In an attempt to demonstrate wIFN-γ production in the Ad-IFN-treated animals, liver biopsies from several animals, obtained before and after Ad-IFN administration, were tested for the induction of GBP-specific mRNAs. Because of the limited material available, the signals were too faint for quantitation. However, induction of a specific RNA was clearly detectable in four out of six animals (w643, w644, w645, and w646) from the L-FMAU/FTC+Ad-IFN group (data not shown). Increased GBP expression was substantiated by comparison with GAPDH (glyceraldehyde-3-phosphate dehydrogenase) signals. Some evidence for GBP induction was also obtained for w641 from the Ad-IFN only group. Further evidence for successful adenovirus vector infection was obtained by histological examination which revealed an intrahepatic inflammatory response in animals that received L-FMAU/FTC+Ad-IFN (Table (Table11 and Fig. Fig.4).4). In these animals, a significant infiltration of inflammatory cells with lobular lesions in the liver was observed, a finding similar to the picture usually seen in acute lobular hepatitis. All of the Ad-IFN-treated woodchucks from this group showed a maximal inflammatory activity. In this same group, the woodchucks that showed a stronger elevation in Metavir score between M0 and M6 also showed the greatest elevation in PCNA-positive hepatocytes within the same time frame (data not shown), probably reflecting cell division after enhanced cell killing. Animals treated with L-FMAU/FTC alone did not show similar profiles. In this group, the maximal inflammatory activity was lower than in the L-FMAU/FTC+Ad-IFN-treated group, and only three of the six woodchucks showed an increase of the inflammatory activity over time. In contrast, animals in control groups or treated with Ad-IFN alone showed stable Metavir scores over time.

FIG. 4.
Adenovirus infection induced hepatic inflammation in liver. Histological examinations of liver biopsies before treatment (M0) and after each Ad-IFN-γ injection (M1 and M2) were compared. Two woodchucks with typical histological profiles are presented: ...

Analysis of animal tolerance to antiviral and gene therapy.

No clinical signs of toxicity were seen during the treatment or recovery periods in treated animals. Neither control nor bitherapy-treated animals showed a significant weight change during or after dosing. Liver biopsy specimens were examined for each animal prior to dosing and at the end of the study. Electron microscopic examination showed the absence of ultrastructural modification of hepatocyte mitochondria, biliary canaliculi, and bile duct epithelial cells in treated animals, as well as in control group (data not shown).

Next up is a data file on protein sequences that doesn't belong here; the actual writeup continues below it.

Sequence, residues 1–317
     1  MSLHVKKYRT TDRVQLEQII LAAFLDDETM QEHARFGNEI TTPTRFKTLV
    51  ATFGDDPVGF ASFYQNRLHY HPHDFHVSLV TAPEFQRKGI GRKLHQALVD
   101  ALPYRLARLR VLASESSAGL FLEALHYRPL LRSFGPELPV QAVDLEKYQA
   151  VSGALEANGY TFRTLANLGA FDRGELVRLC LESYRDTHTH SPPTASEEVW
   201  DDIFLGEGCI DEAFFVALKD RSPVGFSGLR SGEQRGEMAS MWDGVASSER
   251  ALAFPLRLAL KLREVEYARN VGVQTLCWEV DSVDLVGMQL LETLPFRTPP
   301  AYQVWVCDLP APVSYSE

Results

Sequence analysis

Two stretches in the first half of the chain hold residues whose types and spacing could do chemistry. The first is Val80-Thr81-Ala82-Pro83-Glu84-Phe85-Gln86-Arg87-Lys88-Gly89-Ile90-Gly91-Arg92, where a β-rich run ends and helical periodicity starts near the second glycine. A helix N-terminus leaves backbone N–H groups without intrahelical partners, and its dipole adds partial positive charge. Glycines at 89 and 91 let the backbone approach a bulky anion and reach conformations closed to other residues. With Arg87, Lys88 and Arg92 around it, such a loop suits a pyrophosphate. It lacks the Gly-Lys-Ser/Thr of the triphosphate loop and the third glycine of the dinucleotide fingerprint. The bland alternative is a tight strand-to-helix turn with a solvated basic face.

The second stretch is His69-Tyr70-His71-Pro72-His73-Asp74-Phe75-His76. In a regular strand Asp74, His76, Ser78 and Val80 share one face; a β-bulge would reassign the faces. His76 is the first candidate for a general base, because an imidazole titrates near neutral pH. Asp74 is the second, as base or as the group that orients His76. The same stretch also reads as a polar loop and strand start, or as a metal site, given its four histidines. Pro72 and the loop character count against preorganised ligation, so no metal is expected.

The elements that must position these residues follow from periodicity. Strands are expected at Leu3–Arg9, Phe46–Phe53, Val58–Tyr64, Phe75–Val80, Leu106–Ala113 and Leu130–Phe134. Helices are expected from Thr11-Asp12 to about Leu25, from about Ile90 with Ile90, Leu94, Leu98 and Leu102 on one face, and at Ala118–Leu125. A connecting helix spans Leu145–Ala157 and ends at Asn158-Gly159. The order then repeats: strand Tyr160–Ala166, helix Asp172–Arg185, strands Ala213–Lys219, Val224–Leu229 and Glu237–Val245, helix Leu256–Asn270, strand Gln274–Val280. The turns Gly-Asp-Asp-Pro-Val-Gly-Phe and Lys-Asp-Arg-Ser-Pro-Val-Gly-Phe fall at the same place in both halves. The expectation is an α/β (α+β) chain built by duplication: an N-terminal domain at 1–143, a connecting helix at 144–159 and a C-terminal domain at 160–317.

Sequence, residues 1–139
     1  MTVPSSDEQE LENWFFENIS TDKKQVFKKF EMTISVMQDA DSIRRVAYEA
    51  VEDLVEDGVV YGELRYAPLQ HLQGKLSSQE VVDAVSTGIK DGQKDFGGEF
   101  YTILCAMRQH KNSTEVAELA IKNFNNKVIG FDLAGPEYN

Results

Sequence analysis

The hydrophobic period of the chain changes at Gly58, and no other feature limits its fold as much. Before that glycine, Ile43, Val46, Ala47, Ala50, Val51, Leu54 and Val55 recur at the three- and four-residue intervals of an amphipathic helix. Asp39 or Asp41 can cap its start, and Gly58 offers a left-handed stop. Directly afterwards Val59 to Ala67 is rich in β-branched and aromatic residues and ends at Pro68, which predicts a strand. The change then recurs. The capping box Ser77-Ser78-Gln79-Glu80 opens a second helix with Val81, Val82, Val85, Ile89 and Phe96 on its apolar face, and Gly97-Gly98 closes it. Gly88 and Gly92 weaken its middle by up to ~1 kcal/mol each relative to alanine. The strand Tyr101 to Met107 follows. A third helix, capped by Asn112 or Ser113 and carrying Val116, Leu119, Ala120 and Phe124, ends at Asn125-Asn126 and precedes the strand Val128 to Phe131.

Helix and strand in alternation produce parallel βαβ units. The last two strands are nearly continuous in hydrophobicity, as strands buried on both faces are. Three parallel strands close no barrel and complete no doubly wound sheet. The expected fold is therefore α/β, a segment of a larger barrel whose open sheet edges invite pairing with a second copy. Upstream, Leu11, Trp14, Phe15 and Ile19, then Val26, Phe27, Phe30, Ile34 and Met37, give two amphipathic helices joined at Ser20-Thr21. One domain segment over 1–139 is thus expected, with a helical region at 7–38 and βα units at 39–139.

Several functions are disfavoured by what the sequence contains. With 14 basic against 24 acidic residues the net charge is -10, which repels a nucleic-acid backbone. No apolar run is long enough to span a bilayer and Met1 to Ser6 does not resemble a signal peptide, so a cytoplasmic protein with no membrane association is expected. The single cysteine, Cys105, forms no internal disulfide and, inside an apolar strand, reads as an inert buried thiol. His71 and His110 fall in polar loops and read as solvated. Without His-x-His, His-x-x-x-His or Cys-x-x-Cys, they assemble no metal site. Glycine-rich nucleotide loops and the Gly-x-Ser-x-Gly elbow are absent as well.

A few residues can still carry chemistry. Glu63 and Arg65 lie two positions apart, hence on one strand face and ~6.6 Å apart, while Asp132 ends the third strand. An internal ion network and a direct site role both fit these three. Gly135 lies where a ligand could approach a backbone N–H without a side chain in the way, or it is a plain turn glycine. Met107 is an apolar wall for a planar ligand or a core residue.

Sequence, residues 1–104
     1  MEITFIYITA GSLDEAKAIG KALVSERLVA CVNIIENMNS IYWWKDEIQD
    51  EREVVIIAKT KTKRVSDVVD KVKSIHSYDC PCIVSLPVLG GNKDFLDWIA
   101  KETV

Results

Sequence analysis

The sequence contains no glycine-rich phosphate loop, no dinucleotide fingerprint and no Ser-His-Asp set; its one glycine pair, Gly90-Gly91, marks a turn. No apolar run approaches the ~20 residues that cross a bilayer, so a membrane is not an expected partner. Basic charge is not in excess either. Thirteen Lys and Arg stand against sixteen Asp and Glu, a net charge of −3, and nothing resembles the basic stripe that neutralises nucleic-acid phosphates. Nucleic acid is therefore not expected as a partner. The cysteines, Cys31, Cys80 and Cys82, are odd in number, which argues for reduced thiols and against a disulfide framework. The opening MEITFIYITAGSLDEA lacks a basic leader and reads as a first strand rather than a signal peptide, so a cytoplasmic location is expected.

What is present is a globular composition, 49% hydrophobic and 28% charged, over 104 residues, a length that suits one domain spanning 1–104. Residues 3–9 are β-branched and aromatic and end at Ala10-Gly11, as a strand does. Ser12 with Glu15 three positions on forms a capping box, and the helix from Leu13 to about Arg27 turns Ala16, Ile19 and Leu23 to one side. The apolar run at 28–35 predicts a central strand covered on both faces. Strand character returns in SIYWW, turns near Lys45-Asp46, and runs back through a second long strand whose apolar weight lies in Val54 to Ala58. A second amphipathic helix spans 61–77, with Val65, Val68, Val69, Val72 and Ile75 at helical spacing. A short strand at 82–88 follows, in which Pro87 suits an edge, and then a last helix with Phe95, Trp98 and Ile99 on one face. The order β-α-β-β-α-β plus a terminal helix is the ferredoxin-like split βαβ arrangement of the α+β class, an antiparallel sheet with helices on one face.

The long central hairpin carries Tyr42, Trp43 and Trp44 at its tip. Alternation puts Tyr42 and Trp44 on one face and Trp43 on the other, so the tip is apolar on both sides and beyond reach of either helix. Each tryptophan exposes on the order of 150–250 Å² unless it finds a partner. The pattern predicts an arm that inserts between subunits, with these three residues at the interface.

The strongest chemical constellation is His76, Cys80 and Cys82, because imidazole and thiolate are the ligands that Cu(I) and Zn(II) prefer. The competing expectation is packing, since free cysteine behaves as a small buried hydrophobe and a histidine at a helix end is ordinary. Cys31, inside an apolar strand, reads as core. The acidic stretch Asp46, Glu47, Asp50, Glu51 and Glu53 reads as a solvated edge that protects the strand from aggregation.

DISCUSSION

We assessed here the antiviral activity of a novel treatment strategy for hepatitis B in chronically infected woodchucks by using L-FMAU/FTC combination therapy with or without the additional delivery of a IFN-γ gene via a recombinant adenovirus vector. The combination of L-FMAU and FTC significantly inhibited WHV replication in vivo. A rapid and significant decrease in viremia level by a mean 4 to 5 log10 was observed within 2 weeks and a maximal final drop of 9 log10 was observed for woodchuck w649. A >3-log10 reduction in virus titers within 2 weeks has been reported by Peek et al. in the sera of chronically infected WHV carriers after treatment with L-FMAU at a daily dose of 10 mg per kg of body weight (29). Zhu et al. confirmed these results in a more recent study in WHV-infected woodchucks after 4 weeks of L-FMAU treatment (43). In a long-term L-FMAU treatment study, the minimum WHV titers reached 106 copies/ml between weeks 20 and 30 (43). Cullen et al. demonstrated that FTC at an intraperitoneal dose of 30 mg/kg induced a 56-fold (1.75-log10) reduction in the WHV DNA level in serum over a 4-week treatment period (8). Based on these reproducible historical controls for L-FMAU and FTC monotherapy, our observations suggest that the antiviral activity of FTC and L-FMAU was improved when the drugs were combined. This is consistent with the results obtained in vitro with the same compounds in the DHBV model (33) and therefore deserves further evaluation.